1. In this example, only a few can receive funding to maximize impact.
  • A: An overseas development project.
  • B: A local educational project.
  • C: A bequest for the local university.
  • D: Disaster relief.
    1. See Figure 1.

Figure 1 – Example Paired Comparison Analysis Table (not filled in):

  A: Overseas Development B: Local Educational C: University D: Disaster Relief
A: Overseas Development        
B: Local Educational        
C: University        
D: Disaster Relief        

 

(Note the dark and light cells – the dark cells will be ignored since they either compare options with themselves or represent combinations that already exist in the light cells.)

  1. Place the options as both the row and the column headings on the worksheet. (This allows the comparison of the options with each other.) Each comparison is used only one time. The cells where the option is compared with itself are blocked out. The cells where there is a duplicated comparison are also blocked out – as in the note above.
  2. Within each of the blank cells, compare the option in the row with the option in the column. Decide which of the two options is most important. (You will need to decide what criteria to apply here when deciding which option in each pair is more important. Be sure to use the same criteria each time for consistency.)
  3. Write down the letter of the most important option in the cell. Then, score the difference in importance between the options, running from zero (no difference and/or same importance) to three (major difference and/or one option is much more important than the other.)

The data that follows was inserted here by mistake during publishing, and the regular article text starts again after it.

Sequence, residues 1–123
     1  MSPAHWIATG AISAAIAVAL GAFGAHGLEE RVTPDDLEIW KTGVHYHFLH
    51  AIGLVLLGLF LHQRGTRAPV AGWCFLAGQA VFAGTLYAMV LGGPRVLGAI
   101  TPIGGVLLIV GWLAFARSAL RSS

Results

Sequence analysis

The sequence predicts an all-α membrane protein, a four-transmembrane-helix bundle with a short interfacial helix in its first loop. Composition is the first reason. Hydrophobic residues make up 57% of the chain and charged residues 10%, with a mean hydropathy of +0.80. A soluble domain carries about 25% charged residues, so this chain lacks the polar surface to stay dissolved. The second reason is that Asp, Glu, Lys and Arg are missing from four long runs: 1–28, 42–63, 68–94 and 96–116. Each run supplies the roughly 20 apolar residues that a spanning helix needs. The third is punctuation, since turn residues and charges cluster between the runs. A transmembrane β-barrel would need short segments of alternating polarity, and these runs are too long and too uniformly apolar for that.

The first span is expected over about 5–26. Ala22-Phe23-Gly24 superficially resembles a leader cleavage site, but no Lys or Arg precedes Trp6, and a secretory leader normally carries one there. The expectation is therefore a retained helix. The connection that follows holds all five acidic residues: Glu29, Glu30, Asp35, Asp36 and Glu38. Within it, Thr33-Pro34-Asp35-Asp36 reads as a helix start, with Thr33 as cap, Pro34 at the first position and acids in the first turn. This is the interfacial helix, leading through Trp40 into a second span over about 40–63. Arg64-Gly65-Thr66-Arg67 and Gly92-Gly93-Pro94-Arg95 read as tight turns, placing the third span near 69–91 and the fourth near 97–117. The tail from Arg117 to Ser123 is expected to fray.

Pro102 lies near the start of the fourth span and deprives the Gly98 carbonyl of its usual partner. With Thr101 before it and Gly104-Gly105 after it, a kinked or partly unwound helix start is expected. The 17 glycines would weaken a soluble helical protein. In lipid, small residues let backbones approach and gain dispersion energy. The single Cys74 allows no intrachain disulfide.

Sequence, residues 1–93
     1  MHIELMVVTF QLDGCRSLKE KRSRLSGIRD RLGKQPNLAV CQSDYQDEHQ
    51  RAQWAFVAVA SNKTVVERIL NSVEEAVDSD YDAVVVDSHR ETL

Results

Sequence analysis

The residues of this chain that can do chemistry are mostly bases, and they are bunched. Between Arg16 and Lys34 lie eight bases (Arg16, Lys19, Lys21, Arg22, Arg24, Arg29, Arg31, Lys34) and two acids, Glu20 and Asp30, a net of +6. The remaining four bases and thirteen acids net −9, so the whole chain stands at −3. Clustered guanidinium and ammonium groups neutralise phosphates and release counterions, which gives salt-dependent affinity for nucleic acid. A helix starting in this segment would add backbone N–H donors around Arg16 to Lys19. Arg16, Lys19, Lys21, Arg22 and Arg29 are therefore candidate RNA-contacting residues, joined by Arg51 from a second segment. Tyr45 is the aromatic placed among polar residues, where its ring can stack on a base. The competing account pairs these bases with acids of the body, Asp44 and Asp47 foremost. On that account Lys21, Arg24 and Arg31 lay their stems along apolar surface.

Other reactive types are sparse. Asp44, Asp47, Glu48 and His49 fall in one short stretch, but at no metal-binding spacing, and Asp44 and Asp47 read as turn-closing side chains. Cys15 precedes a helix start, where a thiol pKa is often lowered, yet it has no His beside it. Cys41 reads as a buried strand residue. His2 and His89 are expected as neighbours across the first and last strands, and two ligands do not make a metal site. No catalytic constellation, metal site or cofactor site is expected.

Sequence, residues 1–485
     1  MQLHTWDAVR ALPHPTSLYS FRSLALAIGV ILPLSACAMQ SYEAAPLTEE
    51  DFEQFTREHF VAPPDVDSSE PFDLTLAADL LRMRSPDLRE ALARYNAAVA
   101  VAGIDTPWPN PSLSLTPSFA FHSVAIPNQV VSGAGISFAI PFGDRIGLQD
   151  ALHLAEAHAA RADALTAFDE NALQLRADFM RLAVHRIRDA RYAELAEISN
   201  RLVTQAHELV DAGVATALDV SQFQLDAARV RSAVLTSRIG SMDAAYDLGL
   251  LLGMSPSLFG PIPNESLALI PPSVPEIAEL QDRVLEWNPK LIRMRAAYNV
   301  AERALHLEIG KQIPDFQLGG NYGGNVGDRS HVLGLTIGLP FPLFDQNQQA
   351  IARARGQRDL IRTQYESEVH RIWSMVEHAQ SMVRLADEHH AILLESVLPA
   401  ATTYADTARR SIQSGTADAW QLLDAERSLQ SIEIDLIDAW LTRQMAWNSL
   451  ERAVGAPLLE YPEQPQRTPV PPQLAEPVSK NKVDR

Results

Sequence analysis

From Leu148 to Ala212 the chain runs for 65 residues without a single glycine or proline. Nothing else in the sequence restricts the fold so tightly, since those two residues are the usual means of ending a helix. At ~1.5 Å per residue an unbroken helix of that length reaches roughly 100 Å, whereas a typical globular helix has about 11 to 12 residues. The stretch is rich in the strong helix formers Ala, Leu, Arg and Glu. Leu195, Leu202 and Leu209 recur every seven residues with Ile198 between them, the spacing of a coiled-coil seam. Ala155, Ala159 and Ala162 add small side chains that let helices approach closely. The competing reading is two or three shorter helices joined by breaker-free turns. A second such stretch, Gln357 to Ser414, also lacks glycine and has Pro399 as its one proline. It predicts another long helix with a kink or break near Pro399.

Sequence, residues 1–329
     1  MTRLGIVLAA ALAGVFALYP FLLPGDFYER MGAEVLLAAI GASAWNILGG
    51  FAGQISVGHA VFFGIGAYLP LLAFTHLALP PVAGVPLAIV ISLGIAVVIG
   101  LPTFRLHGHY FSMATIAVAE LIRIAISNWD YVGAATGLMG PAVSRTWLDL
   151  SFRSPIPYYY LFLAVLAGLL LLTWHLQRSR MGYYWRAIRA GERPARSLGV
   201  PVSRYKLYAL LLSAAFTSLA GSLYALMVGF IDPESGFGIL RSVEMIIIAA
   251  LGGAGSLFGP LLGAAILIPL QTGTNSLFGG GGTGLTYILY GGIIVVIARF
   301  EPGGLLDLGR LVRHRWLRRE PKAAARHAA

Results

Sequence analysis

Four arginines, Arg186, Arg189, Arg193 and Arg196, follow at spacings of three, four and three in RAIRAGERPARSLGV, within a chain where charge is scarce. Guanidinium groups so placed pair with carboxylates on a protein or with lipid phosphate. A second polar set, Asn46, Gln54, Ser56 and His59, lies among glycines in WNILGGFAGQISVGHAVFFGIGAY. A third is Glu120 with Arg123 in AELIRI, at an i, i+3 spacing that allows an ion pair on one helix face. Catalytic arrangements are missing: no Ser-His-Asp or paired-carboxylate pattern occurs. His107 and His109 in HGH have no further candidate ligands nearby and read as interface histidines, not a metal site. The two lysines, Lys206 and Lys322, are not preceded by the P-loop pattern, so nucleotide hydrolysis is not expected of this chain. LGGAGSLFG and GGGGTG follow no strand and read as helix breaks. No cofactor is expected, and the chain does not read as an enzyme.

1. See Figure 2.

Figure 2 – Example Paired Comparison Analysis Table (filled in):

  A: Overseas Development B: Local Educational C: University D: Disaster Relief
A: Overseas Development   A, 2 C, 1 A, 1
B: Local Educational     C, 1 B, 1
C: University       C, 2
D: Disaster Relief        
  1. Finally, consolidate the results by adding up the values for each of the options from A to D. The values can be converted into a percentage of the total score.
    1. These calculations yield the following totals:
  • A = 3 (37.5 percent). This is 3 out of 8.
  • B = 1 (12.5 percent). This is 1 out of 8.
  • C = 4 (50 percent).     This is 4 out of 8.
  • D = 0.
    1. The philanthropist decides to make a bequest to the local university (C) and to allocate some funding to overseas development (A).
  1. Common sense can be used to manually adjust the results if necessary.

(Note: Point 6 is very important. Whenever a model like this is put into play, one should always step back and ask if the results make good, common sense. If not, go back and adjust the model – maybe by questioning the criteria used to make the importance selections.)

REQUIREMENTS:

This section should be no longer than three single-spaced pages in the written summary. Since this section involves extra credit points, please note that this section should be pulled together by each student — where the content of this material must be unique to the project at hand.

Paired Comparison Analysis is useful in weighing the relative importance of different options. It is especially helpful when priorities are not clear, where the options are completely different, where evaluation criteria are subjective, there is no objective data, and/or where the options are competing in importance. As a tool, Paired Comparison Analysis provides a framework for comparing each option against all others and in showing the differences in importance between factors.

Over the course of the Service-Learning Project at Animal Friends and the Leadership Tools Marathon, if you have to make a decision that would fit the criteria in using Paired Comparison Analysis, consider using this tool. To earn extra credit points, describe how you applied the Paired Comparison Analysis tool to a decision that you made, including the tabular representation of the process as shown in the example. Explain, step-by-step, how you arrived at a workable decision. 

Include at least three references on the Paired Comparison Analysis model from sources other than www.mindtools.com (Links to an external site.) and the syllabus.   Suggested Lussier and Achua textbook chapters that concern making decisions include Chapters 3 and 4.